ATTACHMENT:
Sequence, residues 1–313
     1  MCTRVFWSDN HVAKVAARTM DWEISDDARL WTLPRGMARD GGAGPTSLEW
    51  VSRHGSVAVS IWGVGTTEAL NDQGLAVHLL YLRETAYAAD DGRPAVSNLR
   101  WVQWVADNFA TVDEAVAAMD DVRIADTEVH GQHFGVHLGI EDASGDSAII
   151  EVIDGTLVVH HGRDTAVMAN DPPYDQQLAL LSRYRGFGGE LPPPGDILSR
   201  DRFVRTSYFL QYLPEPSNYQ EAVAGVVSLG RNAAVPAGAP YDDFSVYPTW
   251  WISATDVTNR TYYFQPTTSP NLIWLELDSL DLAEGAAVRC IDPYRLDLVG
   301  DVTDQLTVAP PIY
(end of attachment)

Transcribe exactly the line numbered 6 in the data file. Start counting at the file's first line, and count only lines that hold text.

   201  DRFVRTSYFL QYLPEPSNYQ EAVAGVVSLG RNAAVPAGAP YDDFSVYPTW